The tumbleweed also called the Russian thistle is an interesting plant that separates from its roots when it is mature and tumbles away in the wind.
Generally, tumbleweeds can grow almost on any type of soil, but are most common in the semi arid continental climates of steppes.
There are a few plants in the world, which have the tumbleweed habit, and most of them are agricultural weeds. These plants are native to Eurasia and Russia, but in recent times have become common in North America.
Some of the plants that have the tumbleweed habit are the Anastatica, the North American desert tumbleweed, and some parsley varieties, plantain (banana) varieties, baby’s breath, and the plains tumbleweed.
The mechanism of disengaging from their roots comes after the plant has matured and the seeds are ripe. The tumbling habit of the plants is their adaptation to scattering ripe seeds for re-growth.
They are tumbled by the winds that are quite strong in the steppes and many different plants tumbleweed at different times during the season.
Tumbleweeds are generally considered weeds and they have become increasingly widespread in recent years, often taking advantage of habitats that have been disturbed by humans.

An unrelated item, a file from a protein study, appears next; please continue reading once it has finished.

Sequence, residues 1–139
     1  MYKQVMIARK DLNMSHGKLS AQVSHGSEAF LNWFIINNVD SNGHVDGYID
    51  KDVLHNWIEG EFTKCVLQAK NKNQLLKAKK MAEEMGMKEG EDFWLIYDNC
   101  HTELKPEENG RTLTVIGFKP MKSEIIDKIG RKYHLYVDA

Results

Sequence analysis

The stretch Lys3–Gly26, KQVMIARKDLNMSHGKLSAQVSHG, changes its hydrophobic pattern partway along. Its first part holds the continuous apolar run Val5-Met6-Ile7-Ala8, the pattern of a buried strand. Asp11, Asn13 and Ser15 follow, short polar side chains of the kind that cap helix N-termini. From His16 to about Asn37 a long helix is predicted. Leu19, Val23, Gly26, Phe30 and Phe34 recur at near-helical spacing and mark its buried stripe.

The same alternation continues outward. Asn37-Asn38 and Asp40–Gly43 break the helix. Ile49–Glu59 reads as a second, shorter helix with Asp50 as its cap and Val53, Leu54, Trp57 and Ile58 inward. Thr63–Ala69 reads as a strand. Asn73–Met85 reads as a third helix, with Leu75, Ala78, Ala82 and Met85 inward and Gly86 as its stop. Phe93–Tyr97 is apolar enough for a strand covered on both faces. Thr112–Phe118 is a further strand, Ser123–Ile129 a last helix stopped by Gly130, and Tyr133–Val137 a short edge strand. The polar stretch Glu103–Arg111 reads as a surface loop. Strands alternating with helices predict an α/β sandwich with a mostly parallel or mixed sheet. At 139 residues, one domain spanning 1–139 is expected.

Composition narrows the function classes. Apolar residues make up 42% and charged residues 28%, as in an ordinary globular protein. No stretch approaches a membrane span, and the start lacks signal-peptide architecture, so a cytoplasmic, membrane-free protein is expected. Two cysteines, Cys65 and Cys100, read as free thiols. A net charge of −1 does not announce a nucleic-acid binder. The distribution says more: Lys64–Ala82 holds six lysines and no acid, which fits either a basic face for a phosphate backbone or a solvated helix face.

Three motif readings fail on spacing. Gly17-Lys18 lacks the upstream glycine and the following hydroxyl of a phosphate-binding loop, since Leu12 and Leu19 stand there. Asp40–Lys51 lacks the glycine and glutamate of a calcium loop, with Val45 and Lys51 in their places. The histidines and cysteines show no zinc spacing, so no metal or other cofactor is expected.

Studies have shown that many types of tumbleweed found in disturbed habitats like areas following weapons testing, actually soak up harmful chemicals like uranium from the soil. This means that these weeds are useful and that they are extremely resilient.
The seeds although they are short-lived, grow rapidly, and the plant produces at least 250,000 at a time. These germinate within a few days of being scattered all over.
These seeds are quite poisonous and therefore they do not become meals of herbivorous animals grazing in the region.
Tumbleweeds produce tube shaped leaves during seedling, which reduce the surface area for evaporation, just like cacti.
It also has a taproot that allows it to access moist soil within the earth, which gives it just enough nutrients to survive. Because of this, these plants do not adapt very well to very moist soil.
Another important adaptation of tumbleweeds is their C4 metabolism. This means that under low CO2 conditions, tumbleweeds are able to store CO2 in their leaves during the evening so they can use them during the day.
Because a high amount of moisture is lost during the day, tumbleweeds can close their leaf pores, protecting moisture loss without actually sacrificing their growth (because they are using stored CO2).